You can transfer animals online using AngusNOW.
Leasing Animals: What You Should Know
Angus animals may be leased to another party as long as the lessor (the person who owns the animal) completes an Application for Registration of Lease and submits it to the Association to register the lease.
Once the lease is registered with the Canadian Angus Association, the lessee (the person who is leasing the animal from the owner) can register calves sired by the bull or produced by the cows as if (s)he were the actual owner.
If the lease is for a female that has been bred by the owner, the service dates must be provided to the Association at the time the lease is applied for. At the end of the lease period, registration privileges revert back to the recorded owner.
The Application for Registration of Lease supplied by the Association contains only the information required for the Association’s needs. The lease form is not to be construed as a binding agreement between the lessor and the lessee. All lease periods must include a beginning and an ending date; no open-ended leases will be accepted. Should the lessor and the lessee agree to extend the lease, we require updated documents with the new end date.
For more information on leasing, please see Section C, Article 4—Leases of the Constitution.
To register Angus cattle in Canada, you must apply for and secure the right to use a set of unique tattoo letters. Tattoo letters are a combination of two, three or four letters that are registered for a member's exclusive use. They need only be applied for once and stay with the member as long as (s)he is an active member of the Association. If tattoo letters have not been used for seven years they may be reassigned. Tattoo letters may also be transferred, for example from parents to children. Download Application for Tattoo Letters and Herd Name.
It is mandatory for members to use a herd name as a prefix when naming registered cattle. Herd names are used as either a prefix or suffix in naming registered cattle to identify the owner at birth. Selecting a herd name and registering it with the Association ensures that only you can use it in naming your cattle. Your herd name does not have to be the same as your membership name. Download Application for Tattoo Letters and Herd Name.
The Canadian Angus Association requires every animal to be permanently identified before it is weaned and before it is 8 months of age in order to be eligible for registration. Tattooing can be done at any time before registration is applied for but we recommend that animals are tattooed as young as possible as tattoos grow with calves making the tattoo increasingly legible over time.
Step-by-step Tattooing Process:
1. Ensure that you have the necessary equipment and that it is all in working order.
The necessary equipment includes:
• A set of Canadian Standards Association (CSA)-approved tattoo pliers
• Adequate numeric and letter tattoo digits
• Fresh green tattoo paste and toothbrush for application
• Disinfectant and a soft cloth
• A good working chute to restrain the animal
• Record book
2. Sterilize the tattoo equipment with disinfectant so you don’t spread viruses or diseases from one animal to another.
3. The animal needs to be properly restrained and unable to move its head if the tattoo is to be legible.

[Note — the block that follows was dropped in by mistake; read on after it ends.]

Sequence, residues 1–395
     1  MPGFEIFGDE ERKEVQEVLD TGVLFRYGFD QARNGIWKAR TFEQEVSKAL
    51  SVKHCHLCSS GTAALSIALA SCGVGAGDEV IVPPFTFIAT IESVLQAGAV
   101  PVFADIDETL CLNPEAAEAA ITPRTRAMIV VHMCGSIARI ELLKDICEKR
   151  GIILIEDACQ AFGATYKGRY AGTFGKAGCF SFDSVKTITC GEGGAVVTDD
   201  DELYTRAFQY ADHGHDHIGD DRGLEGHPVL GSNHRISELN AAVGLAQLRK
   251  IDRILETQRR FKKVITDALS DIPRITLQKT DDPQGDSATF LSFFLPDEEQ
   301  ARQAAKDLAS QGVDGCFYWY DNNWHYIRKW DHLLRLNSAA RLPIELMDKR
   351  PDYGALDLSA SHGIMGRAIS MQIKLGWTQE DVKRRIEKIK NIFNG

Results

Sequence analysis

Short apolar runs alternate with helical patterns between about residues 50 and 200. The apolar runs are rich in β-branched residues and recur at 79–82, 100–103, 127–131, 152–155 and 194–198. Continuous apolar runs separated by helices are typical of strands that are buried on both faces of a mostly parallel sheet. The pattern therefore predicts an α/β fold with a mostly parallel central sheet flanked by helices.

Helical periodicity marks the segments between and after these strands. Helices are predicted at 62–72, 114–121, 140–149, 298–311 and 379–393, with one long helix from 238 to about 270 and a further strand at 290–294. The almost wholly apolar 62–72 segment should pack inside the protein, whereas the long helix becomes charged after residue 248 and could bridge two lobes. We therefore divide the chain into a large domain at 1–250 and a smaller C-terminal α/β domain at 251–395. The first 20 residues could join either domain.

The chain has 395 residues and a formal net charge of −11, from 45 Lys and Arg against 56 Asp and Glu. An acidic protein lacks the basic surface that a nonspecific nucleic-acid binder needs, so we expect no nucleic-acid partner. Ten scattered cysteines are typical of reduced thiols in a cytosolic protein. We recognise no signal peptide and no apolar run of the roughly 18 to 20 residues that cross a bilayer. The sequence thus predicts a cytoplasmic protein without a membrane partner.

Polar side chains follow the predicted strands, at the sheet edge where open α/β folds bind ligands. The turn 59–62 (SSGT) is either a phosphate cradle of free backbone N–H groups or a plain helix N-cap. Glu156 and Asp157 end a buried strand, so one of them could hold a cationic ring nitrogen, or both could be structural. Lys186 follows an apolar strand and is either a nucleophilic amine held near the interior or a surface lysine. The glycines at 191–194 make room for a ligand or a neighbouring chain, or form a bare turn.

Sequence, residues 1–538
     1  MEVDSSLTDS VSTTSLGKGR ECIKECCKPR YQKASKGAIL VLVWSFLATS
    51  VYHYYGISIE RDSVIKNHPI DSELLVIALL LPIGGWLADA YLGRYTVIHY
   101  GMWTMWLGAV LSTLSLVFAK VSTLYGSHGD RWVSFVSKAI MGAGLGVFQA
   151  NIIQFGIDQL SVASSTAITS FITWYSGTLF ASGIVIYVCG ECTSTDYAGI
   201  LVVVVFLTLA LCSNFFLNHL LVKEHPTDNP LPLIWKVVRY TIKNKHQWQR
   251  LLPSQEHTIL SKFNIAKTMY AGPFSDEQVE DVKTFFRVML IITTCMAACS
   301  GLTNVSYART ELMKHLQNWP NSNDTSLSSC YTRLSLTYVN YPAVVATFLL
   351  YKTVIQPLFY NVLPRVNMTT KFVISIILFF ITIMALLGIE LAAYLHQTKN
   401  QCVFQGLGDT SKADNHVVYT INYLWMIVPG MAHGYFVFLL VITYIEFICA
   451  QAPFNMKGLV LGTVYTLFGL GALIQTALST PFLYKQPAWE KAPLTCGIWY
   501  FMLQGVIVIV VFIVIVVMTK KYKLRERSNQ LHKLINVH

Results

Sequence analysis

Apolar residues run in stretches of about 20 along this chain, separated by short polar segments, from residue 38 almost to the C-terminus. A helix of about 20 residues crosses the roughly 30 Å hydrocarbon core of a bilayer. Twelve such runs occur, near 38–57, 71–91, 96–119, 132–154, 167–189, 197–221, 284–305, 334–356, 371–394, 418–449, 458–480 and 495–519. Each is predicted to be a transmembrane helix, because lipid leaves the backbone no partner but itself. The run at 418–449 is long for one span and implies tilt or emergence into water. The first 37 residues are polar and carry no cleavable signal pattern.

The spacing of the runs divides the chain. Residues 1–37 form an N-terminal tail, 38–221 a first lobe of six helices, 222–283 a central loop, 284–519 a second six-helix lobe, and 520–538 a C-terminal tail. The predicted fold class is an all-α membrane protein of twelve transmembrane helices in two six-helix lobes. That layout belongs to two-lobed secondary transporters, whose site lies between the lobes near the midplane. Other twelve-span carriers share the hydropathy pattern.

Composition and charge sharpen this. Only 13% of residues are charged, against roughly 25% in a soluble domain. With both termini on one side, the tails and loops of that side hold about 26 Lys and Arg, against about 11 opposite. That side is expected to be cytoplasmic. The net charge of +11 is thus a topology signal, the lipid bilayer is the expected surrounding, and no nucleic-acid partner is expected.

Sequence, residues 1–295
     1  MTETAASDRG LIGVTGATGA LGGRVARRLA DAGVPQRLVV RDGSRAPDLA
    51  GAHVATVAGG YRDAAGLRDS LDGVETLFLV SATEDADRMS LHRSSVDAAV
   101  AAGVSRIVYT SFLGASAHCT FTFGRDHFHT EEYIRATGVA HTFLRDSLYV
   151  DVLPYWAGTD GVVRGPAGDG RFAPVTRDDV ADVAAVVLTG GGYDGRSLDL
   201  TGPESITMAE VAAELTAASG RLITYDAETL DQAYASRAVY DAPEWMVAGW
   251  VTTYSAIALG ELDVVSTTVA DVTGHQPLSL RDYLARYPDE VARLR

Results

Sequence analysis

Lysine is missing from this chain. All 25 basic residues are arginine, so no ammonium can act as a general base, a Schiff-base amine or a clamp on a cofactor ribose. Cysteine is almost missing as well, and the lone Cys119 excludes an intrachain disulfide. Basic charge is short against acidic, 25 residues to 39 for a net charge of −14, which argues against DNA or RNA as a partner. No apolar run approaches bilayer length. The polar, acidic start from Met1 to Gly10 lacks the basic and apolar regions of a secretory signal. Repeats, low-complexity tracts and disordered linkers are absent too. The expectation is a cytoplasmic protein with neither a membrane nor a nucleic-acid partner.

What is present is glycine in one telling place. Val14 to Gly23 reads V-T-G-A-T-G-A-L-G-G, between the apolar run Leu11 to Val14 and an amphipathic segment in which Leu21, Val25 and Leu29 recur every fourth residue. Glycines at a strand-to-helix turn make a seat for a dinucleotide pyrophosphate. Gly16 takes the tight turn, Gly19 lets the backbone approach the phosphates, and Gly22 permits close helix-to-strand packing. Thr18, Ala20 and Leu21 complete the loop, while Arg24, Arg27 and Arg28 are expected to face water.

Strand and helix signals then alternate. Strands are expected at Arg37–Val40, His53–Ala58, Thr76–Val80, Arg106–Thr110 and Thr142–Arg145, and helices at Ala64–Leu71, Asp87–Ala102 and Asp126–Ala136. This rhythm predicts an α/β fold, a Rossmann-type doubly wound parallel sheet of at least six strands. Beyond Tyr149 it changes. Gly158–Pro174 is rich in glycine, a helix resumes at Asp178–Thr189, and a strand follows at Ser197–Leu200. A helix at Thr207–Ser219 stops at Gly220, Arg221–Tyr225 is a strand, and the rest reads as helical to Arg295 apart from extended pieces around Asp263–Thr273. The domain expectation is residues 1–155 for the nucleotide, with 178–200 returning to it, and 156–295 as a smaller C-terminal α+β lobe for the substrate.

4. Be sure the ear is completely clean and free of wax and dirt which prevent the tattoo paste from penetrating the skin. Clean the ear with a soft cloth and allow it to dry.
5. While the ear is drying, determine the appropriate tattoo for the calf. Check each tattoo on a piece of cardboard before applying it to the animal’s ear. Check for even perforations and replace characters that are dull or broken.
A complete tattoo consists of:
- Herd letters (the unique 2–4 letters you applied for and approved by the Association)
- Herd number (any 1–4 digit number, unique within the herd. An effective method of choosing this number is to assign the first calf born in a specific calendar year with a number 1, the second with the number 2, etc.)
- Year letter (see chart for the corresponding year letter)
6. Liberally apply fresh tattoo ink to the letters and/or digits using a toothbrush.
7. Apply the tattoo between the ribs or cords of the RIGHT EAR. (To determine right and left, stand behind the animal facing the direction the animal is facing.)
8. Close the jaws quickly and firmly then release quickly to avoid tearing the punctures. Use enough pressure to pierce the skin but do not use so much pressure that the ear bleeds excessively.
9. Use a generous amount of fresh tattoo paste, rubbing it into the holes made by the pliers. Use the toothbrush to thoroughly work the paste into the tattoo.
10. Record the tattoo and other relevant information in your record book.
11. Clean the tattoo characters with a wire brush to remove hair, dirt and excess ink.
(It is important to get the ink well below the surface of the ear so that the skin will heal over it, leaving a clear, permanent tattoo. A properly administered tattoo will be legible for the entire life of the animal).
*A video showing the step-by-step procedures on how to properly tattoo an Angus animal according to the official regulations of the Canadian Angus Association can be viewed HERE.
Tattooing Imported Animals
Imported cattle with tattoos from their country of origin will be assigned an administrative Canadian Angus Association tattoo for the purpose of unique identification within Canada. It will be preceded with IMP to indicate that the animal is imported. This tattoo is NOT required to be tattooed into the animal’s ear; it is for administrative purposes. The physical right ear and/or left ear tattoo will also be noted on the Canadian Angus registration certificate.